Chicago’s Transformers Business Experience
From explosions and gunbattles on Wacker Drive to parachutists plummeting from Trump Tower and celebrity sightings on Michigan Avenue, the “Transformers 3” film shoot provided plenty of free entertainment in downtown Chicago last week.
It also has caused more disruption than any previous movie filmed in the city — snarling commutes, clogging sidewalks, distracting office workers and cutting off retailers from foot traffic.
So is it worth it?
Steve Shern, general manager of Hotel 71 on Wacker, says yes: “We’ve been sold out each of the past seven nights,” largely due to “Transformers.” The hotel, located on the block where battle scenes were filmed last week, peddled “Transformers”-themed packages that included screenings of the first two installments and promises of some live action out the front door.
Next door, Bella Bacino’s restaurant closed down for most customers Monday, Tuesday and Wednesday, serving only those with previous reservations and Hotel 71 guests. But co-owner Linda Bacin says film crew members “filled the bar for a couple of nights. Michael Bay came in, ate pizza, said ‘thank you,’ tipped appropriately.”
She says film company Paramount Pictures has agreed to reimburse her for lost business. She hasn’t yet calculated the total.
THE LOCAL ANGLE
Figuring the overall financial impact on Chicago is trickier. Movie productions hire local workers, buy from local companies and generate publicity for the city. They also collect tax credits from the state and interrupt the normal flow of downtown commerce.
Paramount says “Transformers” will bring in $20 million and 200 jobs; Betsy Steinberg of the Illinois Film Office says the job number will be closer to 400.
So far, “Transformers” has hired 184 locals as production assistants and 27 Illinois National Guard members to play soldiers, a spokeswoman for the movie says.
“We try to hire as many local crew members as possible, but we did run into the issue that a lot of crews here were already working on other projects,” she says, including a Ron Howard-directed comedy starring Vince Vaughn that’s been shooting in the city since the end of May.
The caliber of those jobs, which range from a few days of on-set work to months of set-building, has been debated. An experienced camera operator can earn more than $900 a day, while low-level production assistants make about $100 to $200 a day.
“Even though some of these camera crews might be working 16-hour days for six weeks and then not working for a month, they’re still taking home enough to support their families,” says Tom Fletcher, an executive at Chicago-based Fletcher Camera & Lenses, which rents camera equipment to film crews.
Location scouts for the movie struck deals with local business owners such as Ms. Bacin, promising to compensate them for lost business and damage caused by the filming. Damage appears to have been minimal: Bella Bacino’s lost a few patio chairs and a carpet ruined by debris. An explosion blew out a window in the business offices of Crain’s Chicago Business, which overlooks one of the film sites. No one was injured.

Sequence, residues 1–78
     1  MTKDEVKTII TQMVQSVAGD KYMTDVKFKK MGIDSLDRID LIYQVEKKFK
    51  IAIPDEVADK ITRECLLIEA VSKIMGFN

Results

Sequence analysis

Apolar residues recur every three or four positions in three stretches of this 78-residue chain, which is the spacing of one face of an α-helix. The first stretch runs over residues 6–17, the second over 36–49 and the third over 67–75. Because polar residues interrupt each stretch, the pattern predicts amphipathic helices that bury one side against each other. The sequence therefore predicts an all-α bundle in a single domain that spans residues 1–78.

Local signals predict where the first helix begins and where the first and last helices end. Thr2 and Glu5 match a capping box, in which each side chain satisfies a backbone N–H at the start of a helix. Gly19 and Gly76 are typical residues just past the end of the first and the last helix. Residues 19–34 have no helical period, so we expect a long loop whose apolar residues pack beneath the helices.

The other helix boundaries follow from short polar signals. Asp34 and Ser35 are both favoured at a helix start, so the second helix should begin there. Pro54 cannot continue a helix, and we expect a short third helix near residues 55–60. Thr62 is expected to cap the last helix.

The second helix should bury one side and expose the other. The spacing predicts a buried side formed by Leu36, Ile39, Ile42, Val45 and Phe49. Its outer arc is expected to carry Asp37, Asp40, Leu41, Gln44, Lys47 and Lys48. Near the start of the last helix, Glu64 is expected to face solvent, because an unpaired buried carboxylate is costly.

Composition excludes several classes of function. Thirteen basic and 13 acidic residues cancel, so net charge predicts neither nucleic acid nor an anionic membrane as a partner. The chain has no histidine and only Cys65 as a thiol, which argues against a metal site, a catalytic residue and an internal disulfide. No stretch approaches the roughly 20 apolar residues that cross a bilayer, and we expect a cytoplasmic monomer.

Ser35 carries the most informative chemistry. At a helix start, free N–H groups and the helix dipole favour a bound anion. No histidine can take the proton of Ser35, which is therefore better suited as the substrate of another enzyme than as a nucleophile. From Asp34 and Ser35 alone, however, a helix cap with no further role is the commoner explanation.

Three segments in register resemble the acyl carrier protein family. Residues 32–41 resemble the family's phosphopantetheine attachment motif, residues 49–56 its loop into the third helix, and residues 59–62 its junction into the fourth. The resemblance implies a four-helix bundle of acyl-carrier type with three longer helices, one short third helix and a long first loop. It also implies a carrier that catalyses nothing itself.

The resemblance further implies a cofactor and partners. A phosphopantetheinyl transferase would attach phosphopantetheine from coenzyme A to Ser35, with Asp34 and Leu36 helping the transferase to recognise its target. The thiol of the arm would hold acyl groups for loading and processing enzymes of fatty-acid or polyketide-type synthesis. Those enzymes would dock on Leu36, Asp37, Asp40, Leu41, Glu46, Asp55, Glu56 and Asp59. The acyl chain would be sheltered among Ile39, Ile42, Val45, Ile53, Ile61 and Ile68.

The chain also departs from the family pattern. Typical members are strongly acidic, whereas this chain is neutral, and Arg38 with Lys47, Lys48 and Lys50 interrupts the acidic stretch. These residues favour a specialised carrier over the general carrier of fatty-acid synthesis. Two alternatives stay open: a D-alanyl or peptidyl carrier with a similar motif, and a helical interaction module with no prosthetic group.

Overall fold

The Ron Howard movie, tentatively titled “What You Don’t Know,” has actually spent “significantly more” here than “Transformers,” Ms. Steinberg says. The movie didn’t release a local spending estimate, but its overall budget is $79 million. It will shoot for more than three months in Chicago, compared with six weeks for “Transformers.”
Chicago Film Office chief Rich Moskal says the city won’t bear any of the costs of shooting “Transformers.” The studio pays for all security personnel (including about 15 off-duty police officers and firefighters hired at $30 per hour) and cleanup expenses. A spokeswoman at the Chicago Transit Authority says the rerouting of 27 buses to accommodate filming has had no financial impact on the agency.
According to the Illinois Film Office, movie studios spent $476 million in Illinois from 2005 to 2008. The state returned $39 million under a tax credit program enacted in 2004 to help Illinois compete for Hollywood productions.
Some 42 states offer film tax credits, often more generous than Illinois’. Here, the 30% credit applies only to spending with local companies and wages for Illinois residents up to $100,000 each.
Michigan offers a 40% rebate with no residency requirement. That tax break applies to the huge salaries for non-Michigan-based actors, directors and producers. Michigan Gov. Jennifer Granholm estimates the state will pay $155 million in tax credits to the film industry in 2010, causing some state officials to question the value of the program.
Experts say tax credits can be worthwhile if they help a state establish a permanent local film industry. Illinois is third behind California and New York in terms of having a strong local crew presence, says Cornell University professor Susan Christopherson, who studies film tax credits.
“Chicago might be able to make a go of the film credits because it does have a strong production presence related to advertising,” Ms. Christopherson says. “But in other states, you have to ask why you’re giving subsidies to movie workers coming in from other places.”
Source: Crain’s Chicago Business